What would be a step-by-step description of how cookie-based authentication work?

I've never done anything involving either authentication or cookies. What does the browser need to do? What does the server need to do? In what order? How do we keep things secure?

I've been reading about different types of authentication and about cookies, but I would like a basic description of how to use the two together. I've only read that they are often used together, but I could not find a description of how.


3 Answers 3


To expand on Conor's answer and add a little bit more to the discussion...

Can someone give me a step by step description of how cookie based authentication works? I've never done anything involving either authentication or cookies. What does the browser need to do? What does the server need to do? In what order? How do we keep things secure?

Step 1: Client > Signing up

Before anything else, the user has to sign up. The client posts a HTTP request to the server containing his/her username and password.

Step 2: Server > Handling sign up

The server receives this request and hashes the password before storing the username and password in your database. This way, if someone gains access to your database they won't see your users' actual passwords.

Step 3: Client > User login

Now your user logs in. He/she provides their username/password and again, this is posted as a HTTP request to the server.

Step 4: Server > Validating login

The server looks up the username in the database, hashes the supplied login password, and compares it to the previously hashed password in the database. If it doesn't check out, we may deny them access by sending a 401 status code and ending the request.

Step 5: Server > Generating access token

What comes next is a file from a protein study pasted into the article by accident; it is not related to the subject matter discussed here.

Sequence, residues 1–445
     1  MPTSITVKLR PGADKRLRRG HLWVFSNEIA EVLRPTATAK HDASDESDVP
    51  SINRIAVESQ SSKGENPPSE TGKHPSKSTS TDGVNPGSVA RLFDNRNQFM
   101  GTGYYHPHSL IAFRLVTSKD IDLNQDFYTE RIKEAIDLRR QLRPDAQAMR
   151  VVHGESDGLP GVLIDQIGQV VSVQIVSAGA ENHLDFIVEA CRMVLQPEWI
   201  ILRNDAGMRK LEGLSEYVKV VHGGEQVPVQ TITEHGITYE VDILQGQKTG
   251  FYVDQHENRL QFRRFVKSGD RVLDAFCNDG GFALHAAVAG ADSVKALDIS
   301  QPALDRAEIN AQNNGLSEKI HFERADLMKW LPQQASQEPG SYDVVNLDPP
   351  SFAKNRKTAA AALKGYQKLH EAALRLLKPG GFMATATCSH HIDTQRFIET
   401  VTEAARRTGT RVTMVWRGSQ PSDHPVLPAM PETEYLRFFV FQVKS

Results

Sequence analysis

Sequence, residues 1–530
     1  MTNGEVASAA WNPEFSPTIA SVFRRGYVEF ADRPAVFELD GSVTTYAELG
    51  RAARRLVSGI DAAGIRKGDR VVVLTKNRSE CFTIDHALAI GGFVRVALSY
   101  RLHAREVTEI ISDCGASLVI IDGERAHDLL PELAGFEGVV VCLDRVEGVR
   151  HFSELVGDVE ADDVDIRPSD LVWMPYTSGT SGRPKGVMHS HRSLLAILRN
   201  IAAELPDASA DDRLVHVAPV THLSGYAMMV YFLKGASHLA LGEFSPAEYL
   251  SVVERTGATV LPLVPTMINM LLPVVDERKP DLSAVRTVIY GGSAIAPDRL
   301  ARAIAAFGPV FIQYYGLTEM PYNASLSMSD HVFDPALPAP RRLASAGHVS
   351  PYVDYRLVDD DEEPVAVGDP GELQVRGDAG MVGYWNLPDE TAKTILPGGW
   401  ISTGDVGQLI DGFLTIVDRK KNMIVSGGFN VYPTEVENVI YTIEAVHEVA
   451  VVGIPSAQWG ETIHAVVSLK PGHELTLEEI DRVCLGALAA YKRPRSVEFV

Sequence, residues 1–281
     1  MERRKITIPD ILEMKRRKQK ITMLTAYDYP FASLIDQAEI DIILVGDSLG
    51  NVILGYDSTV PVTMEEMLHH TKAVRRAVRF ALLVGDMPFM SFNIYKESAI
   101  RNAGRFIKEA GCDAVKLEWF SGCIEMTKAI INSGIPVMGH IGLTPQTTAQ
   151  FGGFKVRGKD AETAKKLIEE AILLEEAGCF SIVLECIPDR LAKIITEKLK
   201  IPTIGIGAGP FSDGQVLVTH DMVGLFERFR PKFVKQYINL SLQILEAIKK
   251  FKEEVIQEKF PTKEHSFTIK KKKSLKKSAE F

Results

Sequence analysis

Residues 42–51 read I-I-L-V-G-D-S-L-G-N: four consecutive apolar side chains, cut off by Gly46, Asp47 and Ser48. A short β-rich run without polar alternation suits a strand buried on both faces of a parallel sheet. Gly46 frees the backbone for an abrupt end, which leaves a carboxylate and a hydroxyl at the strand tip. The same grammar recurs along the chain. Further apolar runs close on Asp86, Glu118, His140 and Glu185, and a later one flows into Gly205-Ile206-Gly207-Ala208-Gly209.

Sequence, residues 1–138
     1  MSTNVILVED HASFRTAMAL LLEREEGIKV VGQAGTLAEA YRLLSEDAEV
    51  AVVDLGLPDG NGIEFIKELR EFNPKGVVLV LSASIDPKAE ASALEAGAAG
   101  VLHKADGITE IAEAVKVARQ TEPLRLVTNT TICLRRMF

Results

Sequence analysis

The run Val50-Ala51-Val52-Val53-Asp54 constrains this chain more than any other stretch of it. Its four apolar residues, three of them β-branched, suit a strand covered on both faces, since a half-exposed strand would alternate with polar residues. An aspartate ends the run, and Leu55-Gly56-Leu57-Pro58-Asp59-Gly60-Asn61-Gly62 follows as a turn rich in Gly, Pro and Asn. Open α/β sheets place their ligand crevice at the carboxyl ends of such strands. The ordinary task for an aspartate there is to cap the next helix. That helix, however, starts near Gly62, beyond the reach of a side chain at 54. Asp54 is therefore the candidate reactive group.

If everything checks out, we're going to create an access token, which uniquely identifies the user's session. Still in the server, we do two things with the access token:

  1. Store it in the database associated with that user
  2. Attach it to a response cookie to be returned to the client. Be sure to set an expiration date/time to limit the user's session

Henceforth, the cookies will be attached to every request (and response) made between the client and server.

Step 6: Client > Making page requests

Back on the client side, we are now logged in. Every time the client makes a request for a page that requires authorization (i.e. they need to be logged in), the server obtains the access token from the cookie and checks it against the one in the database associated with that user. If it checks out, access is granted.

This should get you started. Be sure to clear the cookies upon logout!

  • 14
    Thanks for the description. I just wonder how does access token provides security? Can an attacker if steals the cookie, pose as an authenticated logged in user? Or that is protected by SSL?
    – Richeek
    Oct 3, 2015 at 19:45
  • 10
    @Richeek SSL secures interception during requests/responses, but an attacker might access your cookies at the endpoints (e.g. your browser). Theoretically, they could then pose as a logged in user until the cookie expires. I say “theoretically” because the implementation above doesn’t handle that. In the above implementation, the attacker will have access until the access token in your database is updated (i.e. next login).
    – pllx
    Oct 7, 2015 at 3:17
  • 19